In recent years, much public attention about child sexual abuse in the United States has focused on the Catholic Church; “Spotlight,” winner of the 2016 Best Picture Academy Award, profiled the Boston Globe’s coverage of sexual abuse by priests and the subsequent cover-up.

In the Jewish community, notable examples of child sexual abuse have included Rabbi Baruch Lanner, the one-time NCSY leader who was sentenced to seven years for abusing two teenage girls; 2015 accusations that the Yeshiva University high school for boys covered up decades of molestation by a former teacher; child porn accusations against faculty members of day schools here, in Toronto and in Chicago; and a series of charges that various charedi schools abetted abuse committed by teachers.

The number of charedi schools that responded to the survey is not known, but membership in RAVSAK largely ranges from unaffiliated community schools to Modern Orthodox.

While the survey was conducted anonymously, with reactions not available from individual schools and camps, leaders of RAVSAK and the said member institutions are glad to have the increased input of philanthropic backers.

Mark Kramer, co-executive director of RAVASK, noted that “the initial research piloted by Jumpstart seems to indicate that Jewish summer camps and day schools play close attention to protecting children.” He added that “there is always more that can be done at both the policy and implementation levels … we hope that the Jumpstart Funders Pledge will heighten sensitivities and strengthen existing safety nets.”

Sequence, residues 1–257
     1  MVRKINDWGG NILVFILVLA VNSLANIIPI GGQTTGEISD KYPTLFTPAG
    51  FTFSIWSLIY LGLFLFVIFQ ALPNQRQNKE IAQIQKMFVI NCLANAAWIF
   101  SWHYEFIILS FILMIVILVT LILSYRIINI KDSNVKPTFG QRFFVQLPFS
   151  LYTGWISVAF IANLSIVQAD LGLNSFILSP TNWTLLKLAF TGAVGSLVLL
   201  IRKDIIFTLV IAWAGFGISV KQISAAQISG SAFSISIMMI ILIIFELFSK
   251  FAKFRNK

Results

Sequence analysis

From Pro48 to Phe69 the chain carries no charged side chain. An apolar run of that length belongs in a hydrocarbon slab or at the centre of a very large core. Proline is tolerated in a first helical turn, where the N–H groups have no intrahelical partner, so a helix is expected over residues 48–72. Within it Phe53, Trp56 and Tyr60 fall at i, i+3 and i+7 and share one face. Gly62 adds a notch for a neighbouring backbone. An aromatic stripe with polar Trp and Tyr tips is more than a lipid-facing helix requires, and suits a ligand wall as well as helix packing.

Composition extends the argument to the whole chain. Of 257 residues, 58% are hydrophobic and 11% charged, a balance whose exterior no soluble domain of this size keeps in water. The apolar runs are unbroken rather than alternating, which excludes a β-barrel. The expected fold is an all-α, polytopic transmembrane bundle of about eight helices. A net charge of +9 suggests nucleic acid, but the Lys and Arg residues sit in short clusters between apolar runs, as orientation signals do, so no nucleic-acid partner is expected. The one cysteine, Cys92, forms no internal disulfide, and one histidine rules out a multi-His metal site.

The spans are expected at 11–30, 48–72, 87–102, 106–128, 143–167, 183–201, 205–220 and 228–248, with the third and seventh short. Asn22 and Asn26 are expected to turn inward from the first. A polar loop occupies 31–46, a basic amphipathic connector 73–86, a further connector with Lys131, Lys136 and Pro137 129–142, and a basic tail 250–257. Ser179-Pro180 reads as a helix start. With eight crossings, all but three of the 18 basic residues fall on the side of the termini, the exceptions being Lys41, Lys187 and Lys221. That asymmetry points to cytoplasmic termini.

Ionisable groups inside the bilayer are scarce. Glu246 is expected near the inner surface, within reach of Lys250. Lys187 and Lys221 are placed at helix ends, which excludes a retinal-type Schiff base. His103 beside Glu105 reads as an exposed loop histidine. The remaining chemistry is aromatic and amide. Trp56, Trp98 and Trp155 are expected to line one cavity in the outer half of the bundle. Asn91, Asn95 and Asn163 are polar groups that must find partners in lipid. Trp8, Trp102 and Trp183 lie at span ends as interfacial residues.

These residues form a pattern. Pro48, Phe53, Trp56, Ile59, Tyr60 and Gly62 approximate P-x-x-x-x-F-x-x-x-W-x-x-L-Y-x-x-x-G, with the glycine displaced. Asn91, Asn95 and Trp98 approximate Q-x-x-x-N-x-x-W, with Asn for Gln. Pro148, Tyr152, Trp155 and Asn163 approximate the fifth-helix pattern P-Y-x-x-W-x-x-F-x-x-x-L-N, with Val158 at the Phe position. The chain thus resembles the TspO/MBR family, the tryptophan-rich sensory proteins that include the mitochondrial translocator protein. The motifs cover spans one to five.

Jeremy Fingerman, FJC’s chief executive officer, said in an email that he welcomes “more attention on child safety.”

“Jewish camps … take these issues responsibly and seriously,” he wrote, adding that there will be “future conversations and efforts to better improve the annual training offered during staff week and throughout the summer.”

The pledge, according to a preliminary statement, will “encourage the adoption of comprehensive anti-child sexual abuse policies … institute necessary procedures and systems to prevent child abuse through rigorous hiring and training practices … [and] provide sufficient continuing education and support for staff and volunteers for them to recognize signs of abuse and know how to respond effectively to suspected incidents.

“Our goal is not to create a universal set of standards, but rather to have every funder insist upon the standards they feel are appropriate to garner their support,” the statement says.

Rabbi Mark Dratch, whose three decades of anti-abuse work in the Jewish community included the founding of JSafe, an organization working against domestic violence and child abuse, welcomed the new initiative. “In the beginning there was a lot of denial” in the community, said Dratch, who is executive vice president of the Rabbinical Council of America. “We’ve seen a big change in attitude. The more people who are dealing with this, the better we are as a community.”